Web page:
By Shi Tian Source:Global Times
Tom Cotton Photo: Screengrab of a New York Times report
There’s a clamor around the epicenter of the coronavirus epidemic.
Just after the Wuhan Institute of Virology denied Sunday the raging rumors claiming that the first person infected with the novel coronavirus came from the institute, another false information became rampant on China’s Twitter-like Sina Weibo, saying that a senior researcher of the institute, as a real-name “whistleblower,” reported the virus was released by the institute’s director general Wang Yanyi.
On Monday, in addition to the institute’s new statement dispelling rumors, Weibo also confirmed that the rumormonger’s internet protocol address was outside the Chinese mainland.
In fact, since the beginning of the epidemic, such ridiculous rumors have been flooding China from abroad. In particular, some US politicians have exploited the virus outbreak to attack the Chinese government and system, which has worsened the public opinion environment and fueled the spread of rumors.
For instance, since the outbreak of this epidemic, US Senator Tom Cotton has constantly claimed that the coronavirus came from a “super laboratory” in Wuhan. Chinese Ambassador to the US Cui Tiankai has refuted this absurd allegation, saying conspiracy theories also exist about the coronavirus originating from the US. But Cotton, and many anti-China people like him, have never ceased their hostility against China.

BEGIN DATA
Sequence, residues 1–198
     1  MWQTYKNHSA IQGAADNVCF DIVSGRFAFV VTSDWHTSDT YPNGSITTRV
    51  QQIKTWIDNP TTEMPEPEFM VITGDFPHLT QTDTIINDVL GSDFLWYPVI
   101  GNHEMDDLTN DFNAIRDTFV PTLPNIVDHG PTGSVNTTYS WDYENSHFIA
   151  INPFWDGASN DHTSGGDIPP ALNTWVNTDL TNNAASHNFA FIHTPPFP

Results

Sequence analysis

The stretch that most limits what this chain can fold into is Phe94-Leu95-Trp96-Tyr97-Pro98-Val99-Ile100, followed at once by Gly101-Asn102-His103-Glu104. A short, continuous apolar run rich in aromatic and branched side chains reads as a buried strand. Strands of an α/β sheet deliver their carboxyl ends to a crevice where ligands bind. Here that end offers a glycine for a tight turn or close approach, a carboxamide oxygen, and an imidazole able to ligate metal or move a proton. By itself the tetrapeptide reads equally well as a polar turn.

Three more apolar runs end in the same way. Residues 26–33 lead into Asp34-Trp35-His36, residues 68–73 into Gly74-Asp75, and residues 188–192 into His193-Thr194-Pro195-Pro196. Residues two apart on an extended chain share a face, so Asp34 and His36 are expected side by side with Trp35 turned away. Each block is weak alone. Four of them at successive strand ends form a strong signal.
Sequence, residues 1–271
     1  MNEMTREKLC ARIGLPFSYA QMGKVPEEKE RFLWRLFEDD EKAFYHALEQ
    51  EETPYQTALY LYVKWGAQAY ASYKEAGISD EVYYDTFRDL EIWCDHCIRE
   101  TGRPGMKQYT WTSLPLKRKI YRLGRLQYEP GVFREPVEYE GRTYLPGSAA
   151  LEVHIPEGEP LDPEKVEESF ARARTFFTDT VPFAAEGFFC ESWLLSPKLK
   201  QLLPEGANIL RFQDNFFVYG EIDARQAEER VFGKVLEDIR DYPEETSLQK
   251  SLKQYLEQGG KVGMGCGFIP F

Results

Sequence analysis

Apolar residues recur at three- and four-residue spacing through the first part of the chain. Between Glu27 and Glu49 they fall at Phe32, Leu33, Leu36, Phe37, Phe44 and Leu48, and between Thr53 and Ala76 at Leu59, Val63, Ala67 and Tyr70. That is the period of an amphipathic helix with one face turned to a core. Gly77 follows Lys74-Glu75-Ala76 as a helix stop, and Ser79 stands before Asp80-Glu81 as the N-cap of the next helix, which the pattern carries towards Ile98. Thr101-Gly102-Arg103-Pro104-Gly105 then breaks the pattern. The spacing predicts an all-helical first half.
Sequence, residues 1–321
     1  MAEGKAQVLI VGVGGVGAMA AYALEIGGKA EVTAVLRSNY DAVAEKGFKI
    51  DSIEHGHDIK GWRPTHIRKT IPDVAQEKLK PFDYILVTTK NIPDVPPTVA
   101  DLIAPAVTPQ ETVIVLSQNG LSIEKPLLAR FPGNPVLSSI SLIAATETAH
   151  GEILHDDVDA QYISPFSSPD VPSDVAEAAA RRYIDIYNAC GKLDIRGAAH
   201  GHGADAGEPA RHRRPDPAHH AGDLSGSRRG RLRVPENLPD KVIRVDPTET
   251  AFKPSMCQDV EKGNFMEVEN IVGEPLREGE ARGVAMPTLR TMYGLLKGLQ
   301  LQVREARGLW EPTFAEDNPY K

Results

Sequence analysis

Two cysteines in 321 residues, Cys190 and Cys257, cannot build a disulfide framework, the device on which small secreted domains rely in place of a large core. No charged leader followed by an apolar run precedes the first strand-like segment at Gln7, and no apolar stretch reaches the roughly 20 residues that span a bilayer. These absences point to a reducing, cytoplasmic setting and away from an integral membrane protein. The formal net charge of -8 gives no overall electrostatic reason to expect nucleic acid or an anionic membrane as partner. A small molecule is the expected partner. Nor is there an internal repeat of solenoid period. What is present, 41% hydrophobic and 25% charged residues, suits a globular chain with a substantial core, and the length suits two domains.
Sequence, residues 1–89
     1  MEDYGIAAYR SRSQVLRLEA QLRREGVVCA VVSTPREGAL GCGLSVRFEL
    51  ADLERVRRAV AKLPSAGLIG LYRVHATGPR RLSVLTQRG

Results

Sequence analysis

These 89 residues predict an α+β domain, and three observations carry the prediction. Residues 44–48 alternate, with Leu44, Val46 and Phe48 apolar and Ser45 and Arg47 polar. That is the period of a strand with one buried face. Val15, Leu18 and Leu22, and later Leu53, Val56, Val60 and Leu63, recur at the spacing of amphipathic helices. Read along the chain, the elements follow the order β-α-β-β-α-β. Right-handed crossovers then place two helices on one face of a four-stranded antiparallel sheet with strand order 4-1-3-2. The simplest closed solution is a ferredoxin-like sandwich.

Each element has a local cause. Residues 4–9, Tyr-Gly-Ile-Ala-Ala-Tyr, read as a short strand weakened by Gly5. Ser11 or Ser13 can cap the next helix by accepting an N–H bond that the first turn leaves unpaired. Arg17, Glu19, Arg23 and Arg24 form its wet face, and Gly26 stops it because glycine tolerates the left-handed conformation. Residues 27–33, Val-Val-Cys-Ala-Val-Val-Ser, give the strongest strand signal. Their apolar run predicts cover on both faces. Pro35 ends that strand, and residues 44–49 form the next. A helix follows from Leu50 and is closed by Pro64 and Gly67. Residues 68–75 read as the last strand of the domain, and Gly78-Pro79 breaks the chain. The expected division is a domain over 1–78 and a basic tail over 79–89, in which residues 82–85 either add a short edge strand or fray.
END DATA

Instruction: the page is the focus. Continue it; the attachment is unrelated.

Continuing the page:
They have viewed the epidemic a “golden opportunity” to stir up trouble. Their evil intentions are so obvious that everyone with rationality can clearly see that.
When the Chinese government and people are going all out to curb the spread of the virus, they either spread fear by alleging the epidemic is getting out of hand, or launch groundless attacks, saying that China’s prevention and control measures are a violation of human rights.
When China interacts with the international community well, they either turn a blind eye, or alleged that the praises China earned from other countries and even the World Health Organization were due to China’s pressure on them.
Cui has already proven that speculation and rumors are “dangerous.” “For one thing, this will create panic. Another is that it will fan racial discrimination and xenophobia, and all these things will really harm our joint efforts to combat the virus.”
But these ill-disposed people will never listen. Perhaps, these consequences are exactly what they are glad to witness. The epidemic for them is not a crisis which needs the entire world’s cooperation to resolve, but a political tool for them to contain China, just like the Huawei issue, Hong Kong riots, Taiwan question, and Xinjiang governance. All they want is to drive a wedge between the Chinese government and people, disrupt China’s social order, and tarnish the country’s image in the international community.
In the face of these sinister people and their malicious rumors, China should on the one hand resolutely fight back, showing people both abroad and at home what is really happening in the country; on the other, the country must keep focusing on its own development, growing strong enough until they shut up.